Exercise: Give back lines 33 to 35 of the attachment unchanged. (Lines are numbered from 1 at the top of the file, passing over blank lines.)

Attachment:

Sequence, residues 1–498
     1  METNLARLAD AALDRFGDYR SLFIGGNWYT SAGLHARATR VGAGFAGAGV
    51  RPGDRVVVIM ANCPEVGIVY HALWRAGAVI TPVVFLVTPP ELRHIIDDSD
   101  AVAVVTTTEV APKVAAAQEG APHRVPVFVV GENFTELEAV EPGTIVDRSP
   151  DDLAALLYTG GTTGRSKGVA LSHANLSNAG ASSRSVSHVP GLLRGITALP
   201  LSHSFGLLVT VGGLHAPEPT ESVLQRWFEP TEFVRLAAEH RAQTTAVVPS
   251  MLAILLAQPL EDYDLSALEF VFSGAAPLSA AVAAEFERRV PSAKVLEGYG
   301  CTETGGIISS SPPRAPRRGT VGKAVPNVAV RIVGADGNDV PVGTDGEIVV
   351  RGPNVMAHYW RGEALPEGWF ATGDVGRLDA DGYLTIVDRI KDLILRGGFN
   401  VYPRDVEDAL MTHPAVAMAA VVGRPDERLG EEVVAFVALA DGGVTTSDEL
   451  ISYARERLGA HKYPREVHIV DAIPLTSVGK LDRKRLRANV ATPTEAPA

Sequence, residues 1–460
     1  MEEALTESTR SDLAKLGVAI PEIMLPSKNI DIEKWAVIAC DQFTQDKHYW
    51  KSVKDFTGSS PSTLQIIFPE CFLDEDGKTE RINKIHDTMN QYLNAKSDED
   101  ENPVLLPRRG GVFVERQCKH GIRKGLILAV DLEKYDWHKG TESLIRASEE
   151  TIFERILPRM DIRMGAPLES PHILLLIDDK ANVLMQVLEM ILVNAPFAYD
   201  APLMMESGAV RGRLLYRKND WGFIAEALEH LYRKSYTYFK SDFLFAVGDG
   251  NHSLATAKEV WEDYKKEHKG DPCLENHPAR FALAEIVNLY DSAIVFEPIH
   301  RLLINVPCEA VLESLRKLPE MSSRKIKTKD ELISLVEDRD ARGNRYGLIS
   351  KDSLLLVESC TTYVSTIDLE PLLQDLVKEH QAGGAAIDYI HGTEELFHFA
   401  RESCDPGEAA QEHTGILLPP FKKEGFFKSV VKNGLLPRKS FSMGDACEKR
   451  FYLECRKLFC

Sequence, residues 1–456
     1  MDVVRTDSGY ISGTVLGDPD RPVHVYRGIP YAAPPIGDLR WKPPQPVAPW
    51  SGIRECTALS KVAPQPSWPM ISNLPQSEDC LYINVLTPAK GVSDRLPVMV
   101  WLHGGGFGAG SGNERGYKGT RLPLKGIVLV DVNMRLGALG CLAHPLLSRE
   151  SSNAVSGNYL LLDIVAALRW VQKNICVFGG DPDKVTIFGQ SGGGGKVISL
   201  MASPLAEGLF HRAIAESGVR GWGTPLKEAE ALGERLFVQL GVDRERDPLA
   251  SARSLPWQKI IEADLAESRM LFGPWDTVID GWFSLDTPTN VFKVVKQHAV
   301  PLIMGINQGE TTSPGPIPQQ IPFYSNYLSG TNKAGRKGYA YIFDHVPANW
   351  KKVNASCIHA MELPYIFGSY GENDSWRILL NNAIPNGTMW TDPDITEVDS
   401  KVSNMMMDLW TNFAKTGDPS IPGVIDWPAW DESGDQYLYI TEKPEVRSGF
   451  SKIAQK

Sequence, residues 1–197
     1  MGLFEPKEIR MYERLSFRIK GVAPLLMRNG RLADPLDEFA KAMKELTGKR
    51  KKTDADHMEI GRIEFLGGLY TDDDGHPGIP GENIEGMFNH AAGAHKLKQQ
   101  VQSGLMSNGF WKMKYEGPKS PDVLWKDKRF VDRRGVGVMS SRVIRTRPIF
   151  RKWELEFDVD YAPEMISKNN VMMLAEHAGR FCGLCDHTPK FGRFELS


   451  SKIAQK

Sequence, residues 1–197
     1  MGLFEPKEIR MYERLSFRIK GVAPLLMRNG RLADPLDEFA KAMKELTGKR